Regarded as humanity’s first tool, the knife, in all its evolutions—beginning with the humble flint—is believed to be two million years old, the table knives seen today on dining tables being a relatively recent variation on the ancient theme.
If the popularity of the fork in the West was due to its introduction by two powerful women from the East, then the transformation of the knife into a relatively benign dining utensil was certainly a masculine contribution—by two powerful men of the West. It is widely believed that around 1637, Cardinal Richelieu, in an attempt to discourage people from picking their teeth at the dinner table with the sharp points of their knives, recommended the blunting of pointed knives. But to a perhaps larger degree, the table knife owes its beginnings to France’s King Louis XIV, the “Sun King.” In 1669, in an attempt to discourage violence, the king declared all pointed knives illegal, requiring that their sharp tips be rounded off. Prior to Louis’ decree, it was customary for men to carry their pointed-blade knives in their waistbands, and those same knives would be used at the dinner table to cut and spear food. But when knights and knaves carry knives, trouble will sometimes ensue—occasionally at the dinner table…. As knives became less treacherous on account of the decree, they began taking their rightful place, along with forks and spoons, in table settings. And today, 400 years later, knives at the dining table are symbols of manners, not mayhem.
In the Paleolithic age, people used objects found in nature to perform spoon-type functions. The Greek and Latin words for “spoon” derive from “cochlea,” a spiral-shaped snail shell; while the English word “spoon” derives from the Anglo-Saxon “spon,” meaning “chip” or “flint” (presumably of wood), both the Greco-Latin and Anglo-Saxon derivations suggesting the natural inspirations for what would eventually be designed as the spoon by modern man. The earliest preserved examples of man-made spoons are from Egypt, and spoons are referenced in the literature of ancient India. By the first century C.E., the Romans had designed two types of spoons, typically made of bronze, which basically resemble present-day spoons: ligula, a spoon with an oval-shaped bowl resembling most modern-day spoons; and cochleare, a spoon with a perfectly round bowl, typically used for eating shellfish and eggs. And of course, wherever the Romans went during their years of conquest, so went their wares. In those days, people not only did as the Romans whilst in Rome, they also did as the Romans wherever Romans ruled. Early English spoons, for example, were patterned from Roman spoons as a result of the Roman occupation of Britain from 43 C.E. To 410 C.E.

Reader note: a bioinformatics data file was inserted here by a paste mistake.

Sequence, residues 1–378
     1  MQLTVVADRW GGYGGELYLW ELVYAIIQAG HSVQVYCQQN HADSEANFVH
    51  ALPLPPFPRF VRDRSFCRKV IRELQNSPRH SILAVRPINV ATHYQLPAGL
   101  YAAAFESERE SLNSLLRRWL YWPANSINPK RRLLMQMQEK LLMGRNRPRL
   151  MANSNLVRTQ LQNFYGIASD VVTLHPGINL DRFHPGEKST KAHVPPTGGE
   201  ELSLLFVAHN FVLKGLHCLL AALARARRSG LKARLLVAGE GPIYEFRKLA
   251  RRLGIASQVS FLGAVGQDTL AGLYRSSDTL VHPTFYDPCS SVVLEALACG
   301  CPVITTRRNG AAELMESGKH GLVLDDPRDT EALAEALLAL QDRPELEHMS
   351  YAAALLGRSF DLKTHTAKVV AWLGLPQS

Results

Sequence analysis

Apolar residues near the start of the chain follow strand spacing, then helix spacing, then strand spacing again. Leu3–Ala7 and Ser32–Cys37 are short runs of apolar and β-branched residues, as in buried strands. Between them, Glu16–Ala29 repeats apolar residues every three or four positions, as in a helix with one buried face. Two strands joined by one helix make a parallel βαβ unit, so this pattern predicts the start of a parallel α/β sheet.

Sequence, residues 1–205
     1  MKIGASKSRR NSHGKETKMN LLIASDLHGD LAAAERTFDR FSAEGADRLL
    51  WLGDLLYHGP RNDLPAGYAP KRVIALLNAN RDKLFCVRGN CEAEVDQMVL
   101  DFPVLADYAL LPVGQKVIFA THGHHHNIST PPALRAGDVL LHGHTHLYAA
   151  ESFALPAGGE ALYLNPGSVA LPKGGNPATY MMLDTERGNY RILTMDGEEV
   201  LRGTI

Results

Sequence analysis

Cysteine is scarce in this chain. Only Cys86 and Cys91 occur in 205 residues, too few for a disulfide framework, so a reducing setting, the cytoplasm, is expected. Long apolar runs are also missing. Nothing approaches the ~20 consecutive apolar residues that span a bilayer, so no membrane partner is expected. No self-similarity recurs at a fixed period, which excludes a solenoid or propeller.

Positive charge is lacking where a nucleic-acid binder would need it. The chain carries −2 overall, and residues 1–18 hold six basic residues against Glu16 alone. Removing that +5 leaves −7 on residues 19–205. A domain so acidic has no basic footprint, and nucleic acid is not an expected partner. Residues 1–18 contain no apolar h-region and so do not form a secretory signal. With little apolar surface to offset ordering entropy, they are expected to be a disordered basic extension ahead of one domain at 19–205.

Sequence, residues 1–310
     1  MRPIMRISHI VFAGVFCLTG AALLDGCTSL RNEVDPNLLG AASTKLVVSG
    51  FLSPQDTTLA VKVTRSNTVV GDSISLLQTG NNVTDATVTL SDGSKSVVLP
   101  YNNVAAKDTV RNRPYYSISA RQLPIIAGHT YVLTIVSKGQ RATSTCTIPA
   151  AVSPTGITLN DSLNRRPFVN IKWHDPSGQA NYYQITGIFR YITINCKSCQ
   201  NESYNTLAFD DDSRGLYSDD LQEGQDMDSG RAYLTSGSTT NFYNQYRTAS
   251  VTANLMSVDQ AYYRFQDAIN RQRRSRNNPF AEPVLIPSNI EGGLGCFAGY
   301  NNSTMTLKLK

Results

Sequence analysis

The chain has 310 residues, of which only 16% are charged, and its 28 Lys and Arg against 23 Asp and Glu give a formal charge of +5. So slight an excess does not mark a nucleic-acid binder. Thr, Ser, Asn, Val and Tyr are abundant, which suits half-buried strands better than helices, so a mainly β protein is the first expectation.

During the Dark Ages, many materials were used in spoon-construction, but royalty and the nobility tended to use the precious metals silver and gold. It was not until the 14th century, when iron and pewter were used to construct spoons, that the implement became a household item—in the typical home; and by 1760 the spoon had taken on the shape that it assumes until today.
In 1915, Harry Brearley, a metallurgist from Sheffield, England, applied for a US patent for stainless steel, only to discover that American Elwood Haynes had already applied for a patent in 1912 (Haynes was granted the patent in 1919). Haynes and Brearley decided to collaborate, pooling their funds and identifying investors, and together they formed the American Stainless Steel Corporation, headquartered in Pittsburgh, Pennsylvania. Their joint effort would forever change cutlery.